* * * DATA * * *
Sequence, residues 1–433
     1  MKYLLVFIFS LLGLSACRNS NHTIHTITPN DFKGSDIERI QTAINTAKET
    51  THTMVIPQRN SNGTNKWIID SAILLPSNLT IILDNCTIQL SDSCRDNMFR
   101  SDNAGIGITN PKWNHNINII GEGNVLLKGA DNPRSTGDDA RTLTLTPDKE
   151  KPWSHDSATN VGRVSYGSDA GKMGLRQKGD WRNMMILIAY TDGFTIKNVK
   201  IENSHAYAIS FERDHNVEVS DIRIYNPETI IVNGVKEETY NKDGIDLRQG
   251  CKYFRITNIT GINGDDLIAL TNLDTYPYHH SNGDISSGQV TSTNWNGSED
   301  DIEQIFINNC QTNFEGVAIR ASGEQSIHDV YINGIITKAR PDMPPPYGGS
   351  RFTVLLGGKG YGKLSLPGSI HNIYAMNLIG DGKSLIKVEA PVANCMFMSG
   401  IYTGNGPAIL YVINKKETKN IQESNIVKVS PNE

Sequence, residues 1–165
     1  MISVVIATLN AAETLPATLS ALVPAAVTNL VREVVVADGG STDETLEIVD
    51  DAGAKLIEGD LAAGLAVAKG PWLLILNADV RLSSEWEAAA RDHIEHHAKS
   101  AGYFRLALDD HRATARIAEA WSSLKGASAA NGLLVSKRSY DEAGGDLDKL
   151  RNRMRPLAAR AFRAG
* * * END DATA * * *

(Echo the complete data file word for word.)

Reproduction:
Sequence, residues 1–433
     1  MKYLLVFIFS LLGLSACRNS NHTIHTITPN DFKGSDIERI QTAINTAKET
    51  THTMVIPQRN SNGTNKWIID SAILLPSNLT IILDNCTIQL SDSCRDNMFR
   101  SDNAGIGITN PKWNHNINII GEGNVLLKGA DNPRSTGDDA RTLTLTPDKE
   151  KPWSHDSATN VGRVSYGSDA GKMGLRQKGD WRNMMILIAY TDGFTIKNVK
   201  IENSHAYAIS FERDHNVEVS DIRIYNPETI IVNGVKEETY NKDGIDLRQG
   251  CKYFRITNIT GINGDDLIAL TNLDTYPYHH SNGDISSGQV TSTNWNGSED
   301  DIEQIFINNC QTNFEGVAIR ASGEQSIHDV YINGIITKAR PDMPPPYGGS
   351  RFTVLLGGKG YGKLSLPGSI HNIYAMNLIG DGKSLIKVEA PVANCMFMSG
   401  IYTGNGPAIL YVINKKETKN IQESNIVKVS PNE

Sequence, residues 1–165
     1  MISVVIATLN AAETLPATLS ALVPAAVTNL VREVVVADGG STDETLEIVD
    51  DAGAKLIEGD LAAGLAVAKG PWLLILNADV RLSSEWEAAA RDHIEHHAKS
   101  AGYFRLALDD HRATARIAEA WSSLKGASAA NGLLVSKRSY DEAGGDLDKL
   151  RNRMRPLAAR AFRAG